When I first began studying the megalithic monuments of Brittany and the Channel Islands in the 1980s, I noted the coastal distribution of many categories of these monuments, including the passage graves, and confidently assumed that the people who built them, between four and seven thousand years ago, must have depended as much on fishing as on farming. Doubtless they would also have hunted: the modern farmers that I encountered in Brittany certainly did.
Since then, however, scientists have developed new techniques, which allow them to reconstruct the diets of prehistoric people based on a chemical analysis of their bones. As result after result was published, the findings were startling: when the Neolithic way of life (cereal cultivation and herding) arrived in western Europe from the east between 5000 and 4000 BC, the people who lived there stopped hunting and fishing altogether, and seemingly within the space of a single generation.
How to explain this abrupt transition? Agriculture, after all, is an uncertain business. Crops and domestic animals are vulnerable to drought, floods and disease: why, then, would people who knew perfectly well how to hunt and fish put all their faith in a new and uncertain way of feeding themselves?
Religious changes seem to have been taking place at the same time (as evidenced by the sudden appearance of the monuments themselves), so it would have been relatively easy (and lazy) to think in vague terms such as "taboo." Perhaps they avoided seafood and venison for the same reason that Jews and Muslims avoid pork?
Many of us, however, turned to anthropology for possible explanations. One problem, it seemed, arose from our own mind-set, a mind-set that has developed in Europe over more than two thousand years, and finds its ultimate expression in our 21st Century supermarket culture of packaged foods. It is a mind-set that views the animals whose meat and eggs we eat, whose milk we drink, in purely instrumental terms. It had not, it seemed, been safe to assume that our prehistoric ancestors must have shared this mind-set. After all, not all modern societies do so.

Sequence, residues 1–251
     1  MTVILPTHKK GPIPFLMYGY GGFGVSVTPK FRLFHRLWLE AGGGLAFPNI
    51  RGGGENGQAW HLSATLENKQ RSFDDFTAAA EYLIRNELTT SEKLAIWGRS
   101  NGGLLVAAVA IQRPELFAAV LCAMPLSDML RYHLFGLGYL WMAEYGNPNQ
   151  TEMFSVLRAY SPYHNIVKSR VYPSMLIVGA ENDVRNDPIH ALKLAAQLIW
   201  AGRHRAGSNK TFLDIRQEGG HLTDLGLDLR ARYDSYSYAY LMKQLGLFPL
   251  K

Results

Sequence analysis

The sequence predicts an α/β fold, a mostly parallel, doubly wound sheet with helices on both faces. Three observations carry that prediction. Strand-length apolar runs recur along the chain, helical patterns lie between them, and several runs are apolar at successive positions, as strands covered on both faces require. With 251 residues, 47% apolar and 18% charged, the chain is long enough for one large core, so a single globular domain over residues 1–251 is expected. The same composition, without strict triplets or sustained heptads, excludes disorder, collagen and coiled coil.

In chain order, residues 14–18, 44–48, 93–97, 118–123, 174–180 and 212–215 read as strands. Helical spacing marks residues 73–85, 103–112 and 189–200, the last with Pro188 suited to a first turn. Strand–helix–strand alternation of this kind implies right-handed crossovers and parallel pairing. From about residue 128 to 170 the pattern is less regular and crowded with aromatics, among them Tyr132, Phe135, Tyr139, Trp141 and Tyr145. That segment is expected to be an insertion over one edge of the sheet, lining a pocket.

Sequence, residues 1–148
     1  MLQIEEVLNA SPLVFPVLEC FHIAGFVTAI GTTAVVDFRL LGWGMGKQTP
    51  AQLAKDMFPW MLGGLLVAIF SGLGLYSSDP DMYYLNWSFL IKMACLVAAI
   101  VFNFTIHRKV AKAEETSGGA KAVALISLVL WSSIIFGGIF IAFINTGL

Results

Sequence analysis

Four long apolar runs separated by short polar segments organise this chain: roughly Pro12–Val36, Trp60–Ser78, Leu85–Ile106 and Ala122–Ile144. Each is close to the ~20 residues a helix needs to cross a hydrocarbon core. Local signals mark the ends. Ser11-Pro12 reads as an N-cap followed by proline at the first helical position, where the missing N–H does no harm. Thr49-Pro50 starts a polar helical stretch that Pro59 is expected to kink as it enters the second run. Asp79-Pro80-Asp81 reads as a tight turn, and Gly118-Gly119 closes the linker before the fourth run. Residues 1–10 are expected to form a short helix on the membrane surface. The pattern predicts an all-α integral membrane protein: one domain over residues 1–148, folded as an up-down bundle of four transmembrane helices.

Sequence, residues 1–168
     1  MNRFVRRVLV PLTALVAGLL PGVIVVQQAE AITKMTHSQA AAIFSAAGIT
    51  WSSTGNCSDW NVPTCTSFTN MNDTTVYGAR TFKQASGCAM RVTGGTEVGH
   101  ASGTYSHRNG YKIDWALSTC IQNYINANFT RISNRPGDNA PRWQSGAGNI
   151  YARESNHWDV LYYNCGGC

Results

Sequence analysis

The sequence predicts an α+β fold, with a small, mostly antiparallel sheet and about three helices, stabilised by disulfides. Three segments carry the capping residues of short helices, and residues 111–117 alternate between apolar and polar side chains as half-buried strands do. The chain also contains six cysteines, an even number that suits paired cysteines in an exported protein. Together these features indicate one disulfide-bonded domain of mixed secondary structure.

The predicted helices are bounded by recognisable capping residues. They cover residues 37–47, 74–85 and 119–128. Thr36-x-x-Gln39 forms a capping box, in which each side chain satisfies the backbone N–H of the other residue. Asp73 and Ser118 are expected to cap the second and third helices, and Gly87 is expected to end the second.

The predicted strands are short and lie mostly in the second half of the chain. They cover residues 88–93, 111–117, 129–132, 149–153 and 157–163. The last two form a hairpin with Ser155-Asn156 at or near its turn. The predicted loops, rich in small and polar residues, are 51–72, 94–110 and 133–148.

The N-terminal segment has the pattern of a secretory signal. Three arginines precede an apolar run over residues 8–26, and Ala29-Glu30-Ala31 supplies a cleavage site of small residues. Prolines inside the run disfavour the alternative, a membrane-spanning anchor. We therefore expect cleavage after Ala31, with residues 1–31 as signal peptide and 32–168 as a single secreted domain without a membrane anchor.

Take the Nuer of Southern Sudan, for example. Anyone who has studied anthropology (including me) knows about them, thanks to the work of the British anthropologist, E.E. Evans-Pritchard (1907-1973). They are primarily a pastoral people, reliant on herds of cattle. They do also grow millet, but they gain most of their protein from the blood and milk of living cattle (they slaughter their cattle only for special events, such as funeral feasts).
Their relationship with cows are anything but instrumental. A man's status is defined by the number and quality of the cattle he owns. He sings songs about them, composes poems about them, takes a nick-name based on the colours of his favourite cow. He can recite their genealogies, as well as his own, back through five generations. He guards them at night, walking among them with an iron spear, ringing a bell to reassure them.
What he doesn't do is milk them, for that is women's work. Women also stir the curds and make the cheese. There is an eroticised dimension to the relationship between men on the one hand; and women and cows on the other.
This dimension is echoed in cultural traditions elsewhere in the world, notably the Hindu tradition: the Bhaghvad Purana, for example, depicts Lord Krishna courting the gopis (cow-herd girls) of the forest, enchanting cows and gopis, alike, with the music of his flute.
Archaeologists in Britain and Europe began interrogating the evidence for signs that something similar might have been happening among our own Neolithic ancestors, and they found it. Many of the English long-barrows (burial mounds) have been found to contain the bones of cattle, as well as humans: the remains of funeral feasts, perhaps?
One of these long-barrows (Beckhampton, near Avebury) appears to have been exclusively for cattle, with no human remains found at all.
"We would propose," wrote archaeologists Keith Ray and Julian Thomas, " ... that a fictive kinship with cattle, both genealogised and metaphorical, was created by these people in the intimacy of their relationships with their herds."
This is why, in "The Song of Strangers," the Neolithic story in my novel, Omphalos, the sorceress, Egraste, is the guardian of a sacred bull, as well as the guardian of a shrine (the shrine contains the horns of the bull's supposed ancestors), a sort of Neolithic gopi (though her mind-set and religious beliefs are very different from those of modern Hindus). Only the real threat of starvation will impel her to eat a salmon (stolen from an otter, since she, unlike her ancestors, does not know how to fish), a meal with which I managed, in my youth (though I was no more capable than Egraste of catching one), to delight a number of ladies of my acquaintance.
Mark Patton's novels, Undreamed Shores, An Accidental King and Omphalos, are published by Crooked Cat Publications, and can be purchased from Amazon.